I live in the cities, work in baseball analytics, have MLB.tv and BSN, have Twins season tickets, used to watch or attend 150+ Twins games a year while watching on average 1 other game a day, but have watched maybe a dozen non-Twins games this year to go along with maybe 2 dozen Twins games. Three true outcome baseball with shifts taking away baserunners constantly, the aversion to base stealing, and every AB seemingly taking 8 pitches to get to the inevitable K, BB, or HR is ruining the product. And it feels like there's more plodding corner OFers now that are there for their ability to hit balls 450ft without a care to defense. The athleticism of the game overall feels lesser and that's less entertaining.
    People tune into sports to see people do things the rest of us can't. Like run real fast and jump real high. I'll watch a game featuring Buxton, Acuna, Tatis, Trout, Ohtani type guys even if their team is bad because their athleticism is incredible on it's own. The efficiency of front offices has taken away a lot of the excitement in the game because they've reduced the need for athleticism.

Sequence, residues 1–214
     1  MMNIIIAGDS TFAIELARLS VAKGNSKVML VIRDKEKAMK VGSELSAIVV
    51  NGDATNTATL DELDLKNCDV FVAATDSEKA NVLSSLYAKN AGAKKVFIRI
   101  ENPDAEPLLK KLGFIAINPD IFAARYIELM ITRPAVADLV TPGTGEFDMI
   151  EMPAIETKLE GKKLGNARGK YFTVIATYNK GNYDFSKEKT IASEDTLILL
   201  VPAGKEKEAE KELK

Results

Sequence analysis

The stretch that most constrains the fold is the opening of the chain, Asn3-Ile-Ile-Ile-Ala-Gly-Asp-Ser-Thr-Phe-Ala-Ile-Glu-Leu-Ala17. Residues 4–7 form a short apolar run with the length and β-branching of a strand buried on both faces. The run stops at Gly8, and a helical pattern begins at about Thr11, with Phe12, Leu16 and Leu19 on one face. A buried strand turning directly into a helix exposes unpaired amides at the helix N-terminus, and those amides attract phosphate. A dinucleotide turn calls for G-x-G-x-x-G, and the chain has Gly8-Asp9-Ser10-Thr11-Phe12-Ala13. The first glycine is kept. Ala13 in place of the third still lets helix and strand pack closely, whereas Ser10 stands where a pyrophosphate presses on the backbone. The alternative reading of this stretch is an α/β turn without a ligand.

If the Twins were better I'd watch them more. I'm a prospect watcher so as they call guys up I'll tune in to see how they look at the big league level, and if/when Buxton comes back I'll tune in to watch him. Have a few more games to attend to pretend I'm getting value out of my season tickets, but Twins baseball (and baseball in general) is no longer appointment viewing for me and I'm about as diehard and dedicated to the game as anyone you'll find. The pandemic changed things and any work stoppage over the CBA may be a deathblow to MLB as we know it. It'll still be around, but will be down by hockey in terms of popularity.